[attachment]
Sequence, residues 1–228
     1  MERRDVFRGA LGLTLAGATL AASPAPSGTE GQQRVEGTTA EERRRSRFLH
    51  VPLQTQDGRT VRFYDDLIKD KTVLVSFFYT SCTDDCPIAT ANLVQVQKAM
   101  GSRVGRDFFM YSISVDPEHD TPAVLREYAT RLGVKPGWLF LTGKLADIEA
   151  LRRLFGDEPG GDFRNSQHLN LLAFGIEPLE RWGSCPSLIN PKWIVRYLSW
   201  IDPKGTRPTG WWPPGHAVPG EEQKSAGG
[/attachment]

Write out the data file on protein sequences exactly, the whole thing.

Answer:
Sequence, residues 1–228
     1  MERRDVFRGA LGLTLAGATL AASPAPSGTE GQQRVEGTTA EERRRSRFLH
    51  VPLQTQDGRT VRFYDDLIKD KTVLVSFFYT SCTDDCPIAT ANLVQVQKAM
   101  GSRVGRDFFM YSISVDPEHD TPAVLREYAT RLGVKPGWLF LTGKLADIEA
   151  LRRLFGDEPG GDFRNSQHLN LLAFGIEPLE RWGSCPSLIN PKWIVRYLSW
   201  IDPKGTRPTG WWPPGHAVPG EEQKSAGG